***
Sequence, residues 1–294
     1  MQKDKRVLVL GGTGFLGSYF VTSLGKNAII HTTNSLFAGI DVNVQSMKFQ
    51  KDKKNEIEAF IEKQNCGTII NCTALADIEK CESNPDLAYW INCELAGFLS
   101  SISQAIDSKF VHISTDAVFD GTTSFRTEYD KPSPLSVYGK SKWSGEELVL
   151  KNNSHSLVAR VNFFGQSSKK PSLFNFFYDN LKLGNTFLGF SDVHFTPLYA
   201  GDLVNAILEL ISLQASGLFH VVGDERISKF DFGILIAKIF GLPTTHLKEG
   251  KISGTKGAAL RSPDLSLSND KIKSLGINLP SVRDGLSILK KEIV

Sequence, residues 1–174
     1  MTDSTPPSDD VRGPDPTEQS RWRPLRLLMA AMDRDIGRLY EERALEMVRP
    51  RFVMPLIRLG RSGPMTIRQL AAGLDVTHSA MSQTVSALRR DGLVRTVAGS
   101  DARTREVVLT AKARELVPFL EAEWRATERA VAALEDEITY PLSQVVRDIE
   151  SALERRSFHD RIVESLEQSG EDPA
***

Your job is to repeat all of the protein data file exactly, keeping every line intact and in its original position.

Sequence, residues 1–294
     1  MQKDKRVLVL GGTGFLGSYF VTSLGKNAII HTTNSLFAGI DVNVQSMKFQ
    51  KDKKNEIEAF IEKQNCGTII NCTALADIEK CESNPDLAYW INCELAGFLS
   101  SISQAIDSKF VHISTDAVFD GTTSFRTEYD KPSPLSVYGK SKWSGEELVL
   151  KNNSHSLVAR VNFFGQSSKK PSLFNFFYDN LKLGNTFLGF SDVHFTPLYA
   201  GDLVNAILEL ISLQASGLFH VVGDERISKF DFGILIAKIF GLPTTHLKEG
   251  KISGTKGAAL RSPDLSLSND KIKSLGINLP SVRDGLSILK KEIV

Sequence, residues 1–174
     1  MTDSTPPSDD VRGPDPTEQS RWRPLRLLMA AMDRDIGRLY EERALEMVRP
    51  RFVMPLIRLG RSGPMTIRQL AAGLDVTHSA MSQTVSALRR DGLVRTVAGS
   101  DARTREVVLT AKARELVPFL EAEWRATERA VAALEDEITY PLSQVVRDIE
   151  SALERRSFHD RIVESLEQSG EDPA